The ecological aspect of the physical domain of IHD may be easily found in the ecology or the relationship of the many areas in one’s life that are affected by one’s participation in the Glee Club (situated within a specific time-space). Social and political struggles that come with participation involve irritable encounters with co-members. One discussant mentioned that peace and order is possible “… as long as one does not get upset, like when a frequently attending member complains about another member’s unfair practice with frequent absences.” Not being heard is also a cause of irritation and stress for members. One member noted: “We tried our best to give our suggestions but they just get ignored.”

How Experiences and Benefits Define the Instrumentality of SPU Manila Glee Club Towards IHD

As shown in the data above, the instrumentality of the SPU Manila Glee Club is shaped by all six dimensions of the IHD, largely by the political, social, physical, and natural, and marginally by the financial and spiritual. Development, as perceived by the discussants, comes because of the many positive (beneficial) experiences that lead to the attainment of personal goals of members (collaborative learning and self-development being one among many mentioned earlier) that seem to compensate adequately for the struggles that impact the same dimensions.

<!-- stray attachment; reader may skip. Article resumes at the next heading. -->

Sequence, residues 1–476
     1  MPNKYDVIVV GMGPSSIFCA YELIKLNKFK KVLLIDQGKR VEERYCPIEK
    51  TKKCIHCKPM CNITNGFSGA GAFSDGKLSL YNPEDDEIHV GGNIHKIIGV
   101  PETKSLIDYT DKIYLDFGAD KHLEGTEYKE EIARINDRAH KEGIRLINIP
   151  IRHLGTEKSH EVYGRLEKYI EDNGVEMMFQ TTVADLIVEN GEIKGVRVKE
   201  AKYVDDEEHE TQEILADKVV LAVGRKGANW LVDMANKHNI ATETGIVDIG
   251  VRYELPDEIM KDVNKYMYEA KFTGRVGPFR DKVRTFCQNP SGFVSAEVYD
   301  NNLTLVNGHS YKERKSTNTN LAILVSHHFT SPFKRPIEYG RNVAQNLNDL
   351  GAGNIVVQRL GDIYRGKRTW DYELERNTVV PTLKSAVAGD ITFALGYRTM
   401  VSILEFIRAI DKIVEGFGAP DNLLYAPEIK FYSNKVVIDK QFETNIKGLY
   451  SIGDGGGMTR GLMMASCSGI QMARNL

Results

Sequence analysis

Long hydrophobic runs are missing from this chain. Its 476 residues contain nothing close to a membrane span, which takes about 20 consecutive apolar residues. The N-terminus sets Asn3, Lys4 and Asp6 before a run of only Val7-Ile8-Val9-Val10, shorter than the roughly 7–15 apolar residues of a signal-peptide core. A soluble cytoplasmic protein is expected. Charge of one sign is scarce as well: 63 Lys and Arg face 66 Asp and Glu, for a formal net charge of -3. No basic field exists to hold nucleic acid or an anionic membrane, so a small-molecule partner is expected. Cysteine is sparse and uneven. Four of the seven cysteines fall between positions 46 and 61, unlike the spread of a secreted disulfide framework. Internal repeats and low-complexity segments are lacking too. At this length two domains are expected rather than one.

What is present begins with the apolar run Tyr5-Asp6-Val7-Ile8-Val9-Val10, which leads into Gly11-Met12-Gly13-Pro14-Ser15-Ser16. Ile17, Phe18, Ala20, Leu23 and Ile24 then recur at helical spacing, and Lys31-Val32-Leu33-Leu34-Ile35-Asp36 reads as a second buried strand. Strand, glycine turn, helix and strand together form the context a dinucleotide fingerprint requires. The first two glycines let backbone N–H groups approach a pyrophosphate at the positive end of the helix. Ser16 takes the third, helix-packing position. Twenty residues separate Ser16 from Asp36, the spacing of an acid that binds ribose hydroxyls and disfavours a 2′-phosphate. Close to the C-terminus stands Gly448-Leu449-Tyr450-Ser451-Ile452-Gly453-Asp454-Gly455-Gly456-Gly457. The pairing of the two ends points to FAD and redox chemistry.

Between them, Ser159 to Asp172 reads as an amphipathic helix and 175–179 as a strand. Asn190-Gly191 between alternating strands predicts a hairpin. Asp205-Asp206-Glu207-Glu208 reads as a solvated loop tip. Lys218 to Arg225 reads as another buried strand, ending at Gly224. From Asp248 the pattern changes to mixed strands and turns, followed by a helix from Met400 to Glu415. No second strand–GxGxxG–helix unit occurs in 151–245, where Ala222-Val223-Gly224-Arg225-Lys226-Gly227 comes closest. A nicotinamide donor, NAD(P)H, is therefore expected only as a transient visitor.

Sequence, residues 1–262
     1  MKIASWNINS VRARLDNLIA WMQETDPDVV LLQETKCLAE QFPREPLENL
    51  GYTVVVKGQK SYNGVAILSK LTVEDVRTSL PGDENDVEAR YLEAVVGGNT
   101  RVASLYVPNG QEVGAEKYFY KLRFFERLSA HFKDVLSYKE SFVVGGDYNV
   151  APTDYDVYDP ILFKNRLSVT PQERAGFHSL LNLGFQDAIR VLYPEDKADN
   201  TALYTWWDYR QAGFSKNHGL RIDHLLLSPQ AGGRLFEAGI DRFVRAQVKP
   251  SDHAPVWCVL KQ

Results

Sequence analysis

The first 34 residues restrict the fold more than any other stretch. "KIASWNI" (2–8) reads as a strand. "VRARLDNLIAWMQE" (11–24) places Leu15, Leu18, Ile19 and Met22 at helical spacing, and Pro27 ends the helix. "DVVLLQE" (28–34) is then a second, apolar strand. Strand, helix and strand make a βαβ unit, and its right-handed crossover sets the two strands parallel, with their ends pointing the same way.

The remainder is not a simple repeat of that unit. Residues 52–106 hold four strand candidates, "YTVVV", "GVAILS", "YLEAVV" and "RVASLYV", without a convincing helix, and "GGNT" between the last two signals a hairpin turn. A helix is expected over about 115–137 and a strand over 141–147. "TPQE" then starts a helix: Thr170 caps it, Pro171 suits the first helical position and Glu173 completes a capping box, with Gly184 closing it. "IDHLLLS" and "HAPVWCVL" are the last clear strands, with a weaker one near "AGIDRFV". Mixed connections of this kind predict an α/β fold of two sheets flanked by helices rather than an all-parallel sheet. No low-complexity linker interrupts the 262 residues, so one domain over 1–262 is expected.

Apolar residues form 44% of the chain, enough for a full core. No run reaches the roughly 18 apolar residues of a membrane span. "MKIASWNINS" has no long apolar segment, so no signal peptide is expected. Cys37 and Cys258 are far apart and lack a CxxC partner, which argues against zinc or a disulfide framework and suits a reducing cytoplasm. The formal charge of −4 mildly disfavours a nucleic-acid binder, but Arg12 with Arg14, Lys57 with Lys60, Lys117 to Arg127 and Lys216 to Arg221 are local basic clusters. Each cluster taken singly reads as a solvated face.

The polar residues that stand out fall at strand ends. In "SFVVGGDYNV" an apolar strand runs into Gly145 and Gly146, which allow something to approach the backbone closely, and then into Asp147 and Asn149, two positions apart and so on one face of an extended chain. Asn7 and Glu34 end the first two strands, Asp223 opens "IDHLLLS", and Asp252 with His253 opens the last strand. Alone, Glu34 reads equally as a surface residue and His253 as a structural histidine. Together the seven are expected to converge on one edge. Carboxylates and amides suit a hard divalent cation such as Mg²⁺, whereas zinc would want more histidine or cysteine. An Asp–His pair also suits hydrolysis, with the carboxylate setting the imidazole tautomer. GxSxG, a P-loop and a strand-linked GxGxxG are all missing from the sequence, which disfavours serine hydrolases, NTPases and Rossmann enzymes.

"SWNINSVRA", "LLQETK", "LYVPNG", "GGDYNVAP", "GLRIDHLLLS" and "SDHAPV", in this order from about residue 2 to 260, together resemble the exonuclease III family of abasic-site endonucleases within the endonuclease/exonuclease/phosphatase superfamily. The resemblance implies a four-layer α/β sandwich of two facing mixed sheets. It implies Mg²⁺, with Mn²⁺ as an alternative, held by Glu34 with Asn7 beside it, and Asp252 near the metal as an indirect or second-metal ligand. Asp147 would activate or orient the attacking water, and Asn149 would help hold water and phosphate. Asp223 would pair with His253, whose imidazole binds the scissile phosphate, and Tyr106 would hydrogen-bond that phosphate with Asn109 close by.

Satisfaction of the Selected SPU Manila Glee Club Members